This, according to Wolff, is what Ryans told him:
Earl, think about it this way, man: Stay positive. Just think about doing everything you can recovery-wise. I'm telling you. Friday is like a day off. Saturday, you're not doing much, either. You might wake up Sunday feeling 110 percent.
"He can tell when there's something wrong," Wolff said. "That's the type of guy he is, man."
It is difficult to understand or appreciate the respect that Ryans commands among his teammates. It borders on reverence. Part of it is how he plays and how much he plays. He has been on the field for 1,120 snaps this season, according to the statistical and scouting firm Pro Football Focus. That's already more than he played all of last season. That's more than 96 percent of the Eagles' total defensive snaps. That's a rather high number of snaps for a middle linebacker who is finishing his eighth NFL season, who tore his left Achilles tendon just three years ago, and who turns 30 in July.
Yet he hasn't buckled under the heavier workload. His four sacks and two interceptions are career highs, and his 96 tackles are his most since 2007, his second year in the league, and his durability is of particular note this week. The Cowboys will be without linebacker Sean Lee, their best and most valuable defensive player. He's out with a neck injury. Ryans will play. Ryans always plays.
The rest of it is him - who he is, how he carries himself. For a while it was easy to lump Ryans in with the other misbegotten player-personnel decisions that the franchise made within the year following the 2011 lockout, to include him in that wholesale roster reshaping that earned the Eagles that mocking "Dream Team" moniker and that dropped them to the bottom of the NFC East.
Nnamdi Asomugha, Dominique Rodgers-Cromartie, Jason Babin, Vince Young, Ronnie Brown, Cullen Jenkins, Steve Smith - all of them had showed up in 2011 to so much fanfare, and thanks to that March 2012 trade with the Houston Texans, Ryans arrived as the leader and player who was supposed to solidify the Eagles defense.
He was just OK last season. He started 16 games, but nothing about his statistics was striking, and no one wants to hear about leadership when a team is nose-diving to a 4-12 season. One quarterback sack? One interception? We're quick to quantify everything about sports these days, to probe the numbers for an insight we otherwise wouldn't have found just by watching the games, and on the whole that is a valuable development. But Ryans brings something beyond the raw data, and those intangible attributes matter, too. It is no accident he's the only one of those ballyhooed acquisitions who's still here.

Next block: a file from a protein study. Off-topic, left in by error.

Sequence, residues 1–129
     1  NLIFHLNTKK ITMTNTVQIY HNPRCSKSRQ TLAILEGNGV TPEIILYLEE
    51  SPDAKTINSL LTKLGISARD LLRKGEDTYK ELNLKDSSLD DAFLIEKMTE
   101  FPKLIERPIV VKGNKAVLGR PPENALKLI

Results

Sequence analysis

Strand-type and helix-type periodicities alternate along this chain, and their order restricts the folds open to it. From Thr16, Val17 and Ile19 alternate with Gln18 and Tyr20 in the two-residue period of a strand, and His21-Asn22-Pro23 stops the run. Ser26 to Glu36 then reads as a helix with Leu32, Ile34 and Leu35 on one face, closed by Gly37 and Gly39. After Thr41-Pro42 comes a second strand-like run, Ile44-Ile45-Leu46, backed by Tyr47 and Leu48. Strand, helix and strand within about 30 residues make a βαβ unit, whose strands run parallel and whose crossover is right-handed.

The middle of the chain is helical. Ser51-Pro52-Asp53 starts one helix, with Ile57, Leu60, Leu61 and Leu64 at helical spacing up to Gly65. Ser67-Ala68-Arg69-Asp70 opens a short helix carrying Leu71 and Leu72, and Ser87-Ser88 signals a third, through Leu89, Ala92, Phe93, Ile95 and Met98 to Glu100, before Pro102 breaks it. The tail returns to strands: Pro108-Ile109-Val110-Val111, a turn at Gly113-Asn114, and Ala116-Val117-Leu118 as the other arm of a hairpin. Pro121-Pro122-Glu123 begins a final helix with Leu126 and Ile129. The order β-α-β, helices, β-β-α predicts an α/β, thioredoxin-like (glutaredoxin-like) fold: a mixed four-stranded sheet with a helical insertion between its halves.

"As bad as it was last year, it couldn't be anything but good this year," he said. "Coming in with the new staff, new players, you always expect the best, and I feel like we've come a long way since last year - a totally different culture in this locker room."
He's had a greater hand in that cultivating change than perhaps any other player, just as he had in Houston.
"I've never seen a free agent or player leave and have the effect it had when DeMeco left," said linebacker Connor Barwin, who was Ryans' teammate for three years with the Texans. "It was across the locker room, 52 guys who were shocked and surprised."
For Barwin, the most telling memory of the Texans' reaction to Ryans' departure was a television interview that defensive lineman Antonio Smith gave just after the trade. Smith stared into the cameras and criticized the team's general manager, Rick Smith: "I'm not in [agreement] with it, Rick. . . . Come on, Rick."
So open a show of defiance within a franchise remains rare in the NFL, but Smith's words captured the sentiment within the Texans locker room, crystallizing what the Texans had lost and what the Eagles have since gained.
"He's the same guy he was in Houston," Barwin said. "He never alters. He always carries himself as the utmost professional, and it's not an act. There are some guys who can fake it, but for 'Meco, that's who he really is."